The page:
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Civil Disobedience. George Orwells 1984 - Essay Example

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There is only one absolute right and this is the right to think. Everything that we think of, as long as we do not act on them, especially when they are something illegal or something immoral, no one will be able to hold it against us…
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Civil Disobedience. George Orwells 1984
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Civil Disobedience. George Orwells 1984

Download file to see previous pages... The capacity to think is what differentiates us from all other creatures that roam this earth. Our knowledge of the human beings is also what tells us that there are things beyond our grasp that make up for who we are and how we act in relation to our surroundings. Yes, I believe in the human spirit. I believe that there is a force much more than our tangible being that presupposes our need for the attainment of a life without constrictions or what most appropriately is, upright. This is a need that is the most fundamental aspect of our evolution simply because it is human nature.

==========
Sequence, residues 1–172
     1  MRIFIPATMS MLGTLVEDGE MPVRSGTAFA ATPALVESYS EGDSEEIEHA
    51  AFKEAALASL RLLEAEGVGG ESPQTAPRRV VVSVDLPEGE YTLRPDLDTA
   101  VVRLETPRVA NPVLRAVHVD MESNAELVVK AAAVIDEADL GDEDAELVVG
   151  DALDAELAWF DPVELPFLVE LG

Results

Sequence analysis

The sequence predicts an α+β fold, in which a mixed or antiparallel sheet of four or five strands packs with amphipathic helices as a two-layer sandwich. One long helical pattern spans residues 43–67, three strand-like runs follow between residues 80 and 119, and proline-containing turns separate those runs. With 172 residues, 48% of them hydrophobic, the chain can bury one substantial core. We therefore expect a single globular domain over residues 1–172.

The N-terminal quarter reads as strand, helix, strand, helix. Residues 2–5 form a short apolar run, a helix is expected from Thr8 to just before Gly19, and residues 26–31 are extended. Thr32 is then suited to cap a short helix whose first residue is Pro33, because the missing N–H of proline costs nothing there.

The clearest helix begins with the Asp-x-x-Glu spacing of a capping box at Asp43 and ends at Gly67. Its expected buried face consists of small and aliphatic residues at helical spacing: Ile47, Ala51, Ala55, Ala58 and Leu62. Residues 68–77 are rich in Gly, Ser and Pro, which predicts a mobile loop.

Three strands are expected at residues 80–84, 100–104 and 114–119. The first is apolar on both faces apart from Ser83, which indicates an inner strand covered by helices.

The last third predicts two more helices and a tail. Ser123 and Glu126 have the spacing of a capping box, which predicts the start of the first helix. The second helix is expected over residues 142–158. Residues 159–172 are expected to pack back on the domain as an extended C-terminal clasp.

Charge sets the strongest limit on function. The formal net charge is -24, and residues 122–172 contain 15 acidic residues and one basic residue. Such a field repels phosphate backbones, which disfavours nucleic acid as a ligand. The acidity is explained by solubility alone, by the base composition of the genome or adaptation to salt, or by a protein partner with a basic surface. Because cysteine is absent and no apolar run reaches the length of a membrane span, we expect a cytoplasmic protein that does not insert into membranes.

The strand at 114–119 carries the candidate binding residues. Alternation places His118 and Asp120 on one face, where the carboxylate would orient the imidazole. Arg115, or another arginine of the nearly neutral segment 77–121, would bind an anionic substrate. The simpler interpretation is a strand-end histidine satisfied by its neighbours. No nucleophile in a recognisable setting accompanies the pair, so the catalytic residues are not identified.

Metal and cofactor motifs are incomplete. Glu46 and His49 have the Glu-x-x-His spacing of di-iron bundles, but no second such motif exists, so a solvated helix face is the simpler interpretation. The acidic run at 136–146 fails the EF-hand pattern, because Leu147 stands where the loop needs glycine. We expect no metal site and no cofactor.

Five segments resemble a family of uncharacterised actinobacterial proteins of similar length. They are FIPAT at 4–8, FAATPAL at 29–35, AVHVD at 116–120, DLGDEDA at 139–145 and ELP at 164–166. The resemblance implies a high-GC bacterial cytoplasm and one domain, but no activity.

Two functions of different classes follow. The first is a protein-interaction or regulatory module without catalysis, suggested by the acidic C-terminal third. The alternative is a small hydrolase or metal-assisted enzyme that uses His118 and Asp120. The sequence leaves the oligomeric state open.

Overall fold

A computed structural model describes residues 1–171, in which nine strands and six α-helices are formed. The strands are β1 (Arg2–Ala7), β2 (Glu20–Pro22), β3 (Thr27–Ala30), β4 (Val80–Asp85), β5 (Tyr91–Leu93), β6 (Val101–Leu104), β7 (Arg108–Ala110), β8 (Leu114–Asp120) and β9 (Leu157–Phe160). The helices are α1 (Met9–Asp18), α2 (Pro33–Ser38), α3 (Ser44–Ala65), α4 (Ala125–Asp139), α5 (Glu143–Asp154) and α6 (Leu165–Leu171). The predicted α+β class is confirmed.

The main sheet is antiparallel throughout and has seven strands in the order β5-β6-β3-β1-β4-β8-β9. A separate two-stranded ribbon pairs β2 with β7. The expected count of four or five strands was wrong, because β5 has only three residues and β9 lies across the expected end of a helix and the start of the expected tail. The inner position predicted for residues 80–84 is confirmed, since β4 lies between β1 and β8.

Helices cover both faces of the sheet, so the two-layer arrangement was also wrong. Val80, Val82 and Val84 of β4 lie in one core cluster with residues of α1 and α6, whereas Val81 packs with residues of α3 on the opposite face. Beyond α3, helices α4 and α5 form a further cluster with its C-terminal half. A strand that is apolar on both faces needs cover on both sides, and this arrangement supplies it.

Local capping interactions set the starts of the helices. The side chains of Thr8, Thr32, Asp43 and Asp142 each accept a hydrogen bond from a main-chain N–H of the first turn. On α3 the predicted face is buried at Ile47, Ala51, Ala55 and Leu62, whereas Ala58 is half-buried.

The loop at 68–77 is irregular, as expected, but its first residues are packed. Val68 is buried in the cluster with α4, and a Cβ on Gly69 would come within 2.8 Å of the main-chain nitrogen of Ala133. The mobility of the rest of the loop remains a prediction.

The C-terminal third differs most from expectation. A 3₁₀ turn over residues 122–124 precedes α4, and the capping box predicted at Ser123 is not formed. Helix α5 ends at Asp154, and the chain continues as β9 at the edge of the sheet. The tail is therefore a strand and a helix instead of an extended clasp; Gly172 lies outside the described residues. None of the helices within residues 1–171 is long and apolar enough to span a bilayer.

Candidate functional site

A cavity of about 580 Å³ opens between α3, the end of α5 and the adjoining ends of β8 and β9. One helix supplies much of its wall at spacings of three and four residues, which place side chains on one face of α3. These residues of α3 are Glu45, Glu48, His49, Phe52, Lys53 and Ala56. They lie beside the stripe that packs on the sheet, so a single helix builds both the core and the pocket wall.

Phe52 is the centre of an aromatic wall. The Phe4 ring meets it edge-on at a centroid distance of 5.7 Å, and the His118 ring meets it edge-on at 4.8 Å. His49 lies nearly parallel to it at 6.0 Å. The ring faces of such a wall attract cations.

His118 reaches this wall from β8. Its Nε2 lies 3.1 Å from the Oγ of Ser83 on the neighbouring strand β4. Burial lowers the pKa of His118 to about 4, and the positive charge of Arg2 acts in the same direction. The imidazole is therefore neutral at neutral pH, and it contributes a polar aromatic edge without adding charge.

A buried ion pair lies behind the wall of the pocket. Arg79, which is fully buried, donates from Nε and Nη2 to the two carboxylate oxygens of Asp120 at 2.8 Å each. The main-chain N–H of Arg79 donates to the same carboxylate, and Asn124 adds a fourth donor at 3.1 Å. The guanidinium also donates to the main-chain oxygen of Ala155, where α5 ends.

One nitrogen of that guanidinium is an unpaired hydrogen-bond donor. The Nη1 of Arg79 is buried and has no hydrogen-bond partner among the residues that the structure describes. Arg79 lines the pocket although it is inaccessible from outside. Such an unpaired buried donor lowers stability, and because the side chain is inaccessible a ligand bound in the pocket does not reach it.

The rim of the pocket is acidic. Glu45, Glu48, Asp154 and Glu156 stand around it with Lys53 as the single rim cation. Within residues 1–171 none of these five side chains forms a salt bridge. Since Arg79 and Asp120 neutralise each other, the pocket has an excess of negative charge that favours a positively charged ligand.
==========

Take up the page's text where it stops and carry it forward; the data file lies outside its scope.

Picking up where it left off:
George Orwell’s 1984 is a terrifyingly realistic portrayal of a country manipulated by one party in such a way that they have reined supremacy over the people in a manner so cunning and much more egocentric than that of a monarchy.Winston Smith, the low-ranking official in the dominating party, is a representation of the human spirit. Overcome by the power and influence of Big Brother and the domination of ‘The Party’ he is the tamed voice of the internal screams of the people upon the knowledge of what is actually going on in Oceania. His outlook is one of optimism in the bleakest time. It is a yearning for an inkling of redemption even though it is almost something unthinkable given the circumstances of the time and the rampant greed and selfishness. The final conversation between O’Brien and Winston is a sad epiphany of a wishful thinking yet an admiring commentary on the perseverance of the human spirit despite overwhelming difficulties. O’Brien sarcastically comments on his unlikely optimism as being the last man of its kind. “Your kind is extinct;we are the inheritors. Do you understand that you are alone? You are outside history, you are non-existent…And you consider yourself morally superior to us, with our lies and our cruelty?” and to which Winston confidently replies, “Yes, I consider myself superior” (Orwell, p. 156). This conversation also discusses the principal notion of self over belief in any God. This is also what Emerson reiterates in his essay of self-reliance. “To believe your own thought, to believe that what is true for you in your private heart is true for all men, — that is genius” (p. 13). What compels us to do everything that we do is first based on how we feel and how we react to the outside stimulus. With or without religion there must be that something that guides us in what we do and that our relationship with other people persuasive unto what we are capable of doing and what we refrain from. As Marx famously said, religion is the opium of the people. If a person follows everything religion prescribes without having to think for himself then he is nothing less than the people of Oceania who dismiss all the capricious and whimsical acts of their own government who were supposed to be their representative and protect them from all possible harms. “Men are infinitely malleable. Or perhaps you have returned to your old idea that the proletarians or the slaves will arise and overthrow us. Put it out of your mind. They are helpless, like the animals. Humanity is the Party. The others are outside — irrelevant” (Orwell, p. 156). This ideology is the basic premise that allowed ‘The Party’ to maintain their control over the people. This is the very idea that Winston stands against. It is a social commentary on how there are powerful people that makes manipulation possible. It is a government grounded on fear, cruelty and hatred. There is absolute lack of equality among the people. The very essence of Communism premise that the proletariats have to overcome and defeat in opposition to the bourgeoisie. “ ...Download file to see next pagesRead More
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